Inflation is the watchword of the day. But what does inflation mean, and how is it likely to impact you? A perfect storm of events–including hiccups in the supply chain, shortages of essential goods, rising fuel prices and the economic fallout of the pandemic, as well as the various corrective tactics used to manage this fallout–is causing a spike in consumer pricing across the board. And as prices continue to rise, anxiety over inflation has spiraled into full-fledged fear. The Consumer Price Index (CPI) seems to bear this fear out, as do recent indications from the Federal Reserve that interest rate hikes will be coming in the New Year.
But is this actual inflation or just a short-term spike in consumer prices?
Up until recently, economists and policymakers have argued both sides of the coin, with some warning that the worrisome trend could lead to long-term economic calamity and others, including the Federal Reserve and the Biden White House, promising that inflationary trends are a passing phenomenon. Of course, it matters little to the everyday consumer what you call it. All technical wrangling aside, fundamental living expenses like housing, groceries, and cleaning supplies are rising precipitously. Whether the trend is likely to be long- or short-term, many Americans are already feeling the pinch.
To understand what’s happening and how it’s impacting the American consumer, let’s take a closer look at what’s driving talk of inflation, whether the resulting fear is justified, and what its impact is likely to be on your own wallet.
What is inflation?
Inflation is technically defined as a decrease in the buying power of the dollar. When the buying power of the dollar decreases, the cost of goods and services increases. The Bureau of Labor Statistics (BLS) offers a CPI Inflation Calculator, which “uses the Consumer Price Index for All Urban Consumers (CPI-U) U.S. city average series for all items, not seasonally adjusted. This data represents changes in the prices of all goods and services purchased for consumption by urban households.”
This calculator offers a direct indication of just how inflation is impacting the American consumer, and demonstrates some pretty clear and troubling trend-lines as well. At the time of writing in the thick of the 2021 winter holiday shopping season, the calculator does offer a stark and startling figure. According to the calculator, $1 in January of 2020 had the same buying power as $1.65 today. This amounts to the biggest one year jump in consumer pricing since November of 1990.
Contrast that to the buying power of $1 from January 2020 to $.98 in 2019, $.96 in January 2018, and $.94 in January of 2017. We are experiencing a sharp decline in the buying power of the dollar with which the closest comparison is the 1970s. Baby Boomers will likely recall this era of “stagflation” all too well, and comparisons may inspire some sense of urgency about our current situation. The current two-year span, where the buying power of a dollar declined by $.65, is directly mirrored by the inflation trends that persisted across nearly the entire decade of the 70s. $1 had the same buying power in 1970 as did $1.65 in 1978.
And in early November, economists from Goldman Sachs advised Americans to prepare for matters to get worse before they get better. They suggested the trend could persist deep into 2022. For those concerned about where all of this could be headed, note that the buying power of $1 in 1970 was, by 1979, $1.81.
What’s actually happening?
In one sense, notes the Guardian, the U.S. economy is actually performing robustly, particularly in light of the fact that the pandemic persists and rates of COVID hospitalization and death both remain high. As the Guardian points out, “Jobs are coming back, wages are rising, stock markets are hitting record highs. In many ways, the US economy is booming. And yet as we officially enter the holiday season, consumer confidence is at its lowest level in a decade. The reason? Inflation.”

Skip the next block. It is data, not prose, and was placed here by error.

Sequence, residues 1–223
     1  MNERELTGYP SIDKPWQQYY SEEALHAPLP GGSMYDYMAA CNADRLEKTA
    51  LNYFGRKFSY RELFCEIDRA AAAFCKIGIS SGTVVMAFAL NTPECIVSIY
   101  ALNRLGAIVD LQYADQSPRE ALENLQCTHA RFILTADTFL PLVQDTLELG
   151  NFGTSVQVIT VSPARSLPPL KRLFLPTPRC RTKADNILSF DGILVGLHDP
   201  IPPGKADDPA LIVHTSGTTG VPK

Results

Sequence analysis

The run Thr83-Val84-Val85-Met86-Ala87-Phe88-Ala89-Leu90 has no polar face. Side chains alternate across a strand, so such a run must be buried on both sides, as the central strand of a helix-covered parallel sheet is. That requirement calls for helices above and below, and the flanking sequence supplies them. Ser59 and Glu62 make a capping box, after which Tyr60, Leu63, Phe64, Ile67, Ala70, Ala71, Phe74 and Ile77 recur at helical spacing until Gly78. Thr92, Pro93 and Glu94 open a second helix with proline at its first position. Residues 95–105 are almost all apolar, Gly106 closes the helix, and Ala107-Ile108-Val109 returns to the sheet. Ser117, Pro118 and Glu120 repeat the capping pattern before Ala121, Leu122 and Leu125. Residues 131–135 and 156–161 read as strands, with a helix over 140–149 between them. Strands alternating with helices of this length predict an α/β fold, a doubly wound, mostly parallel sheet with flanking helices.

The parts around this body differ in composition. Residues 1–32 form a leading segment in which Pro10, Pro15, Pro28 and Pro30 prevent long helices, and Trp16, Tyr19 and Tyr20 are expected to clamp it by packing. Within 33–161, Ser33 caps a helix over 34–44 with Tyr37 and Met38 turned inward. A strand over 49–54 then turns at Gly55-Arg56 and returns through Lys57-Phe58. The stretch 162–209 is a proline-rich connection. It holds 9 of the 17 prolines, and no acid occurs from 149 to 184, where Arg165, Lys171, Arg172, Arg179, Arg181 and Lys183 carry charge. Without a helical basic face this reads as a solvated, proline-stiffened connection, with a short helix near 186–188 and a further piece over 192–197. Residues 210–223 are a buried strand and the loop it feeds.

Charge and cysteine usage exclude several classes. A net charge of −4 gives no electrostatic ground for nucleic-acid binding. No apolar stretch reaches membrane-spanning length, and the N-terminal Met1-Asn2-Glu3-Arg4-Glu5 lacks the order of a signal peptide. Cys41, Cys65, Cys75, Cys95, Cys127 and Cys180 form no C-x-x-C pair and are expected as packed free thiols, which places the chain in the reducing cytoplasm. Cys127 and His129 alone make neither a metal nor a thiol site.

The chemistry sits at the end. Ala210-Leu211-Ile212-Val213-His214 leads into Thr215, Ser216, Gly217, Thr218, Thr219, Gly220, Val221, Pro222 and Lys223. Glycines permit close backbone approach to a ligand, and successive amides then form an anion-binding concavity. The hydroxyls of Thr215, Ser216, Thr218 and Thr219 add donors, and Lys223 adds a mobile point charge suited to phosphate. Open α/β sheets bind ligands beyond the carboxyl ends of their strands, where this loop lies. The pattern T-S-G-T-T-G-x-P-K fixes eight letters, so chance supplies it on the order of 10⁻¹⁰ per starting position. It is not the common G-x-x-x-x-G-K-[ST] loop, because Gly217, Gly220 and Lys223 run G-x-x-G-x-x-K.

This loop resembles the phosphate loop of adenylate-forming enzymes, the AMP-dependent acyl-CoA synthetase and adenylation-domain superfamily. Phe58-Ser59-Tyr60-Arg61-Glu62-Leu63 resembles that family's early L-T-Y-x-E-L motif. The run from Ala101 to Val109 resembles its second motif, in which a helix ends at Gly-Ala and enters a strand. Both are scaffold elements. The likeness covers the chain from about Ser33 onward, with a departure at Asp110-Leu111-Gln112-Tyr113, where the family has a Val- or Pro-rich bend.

You only need to scroll back a few months in your news feed to find optimistic predictions about the temporary nature of these inflationary trends. Many economists viewed the surge in consumer demand, setbacks in the supply chain, and spikes in pricing as the byproducts of an economic engine revving back up after the extraordinary and unprecedented shutdown of 2020.
To this end, in June of 2021, chief investment officer at investment advisory firm SEIA, Deron McCoy told CNBC that “the current rate of inflation is nothing to worry about — it’s temporary and expected, even if it is unclear when it will eventually fade. And today’s increase is nothing compared with the 1970s, when several unique shocks led inflation to hit double digits.”
But some six months later, even the most optimistic economists and financial agencies are striking a far more ominous tone.
In November of 2021, The Consumer Price Index (CPI) was 6.8% higher than it had been exactly one year prior. Whatever the experts predicted as we entered 2021 flush with optimism about vaccines and infrastructure projects, anxiety over a weakening dollar is now very real for everyday Americans as we endure the highest inflation rates in nearly 40 years.
Economist Paul Krugman notes that these rising prices can be traced clearly to sharp spikes in pricing for a number of staple commodities, with the cost of meat rising by 16%, hotel rooms jumping by 26%, used cars jumping by 31%, and–always at the root of all things–gasoline prices spiked by a rate of 58%.
For some economists, the severity of the rise in the CPI has come as something of a surprise. Krugman notes that as recently as March of 2021, many economists, himself included, still viewed the risk of sustained inflation as low. At the time, the Fed’s Open Market Committee, which is responsible for setting monetary policy, predicted that the preferred price measure (usually a slightly lower but still useful indicator of the CPI) would only rise by 2.4% this year. This forecast was informed by a general sense of optimism that the appearance of inflationary trends, like the pandemic itself, would only be “transitory” in nature.
But once again, like the pandemic itself, the gloomy reality is not so quick to subside. Krugman concedes that “at the very least it’s now clear that ‘transitory’ inflation will last longer than most of us on that team expected. And on Wednesday the Fed moved to tighten monetary policy, reducing its bond purchases and indicating that it expects to raise interest rates at least modestly next year.”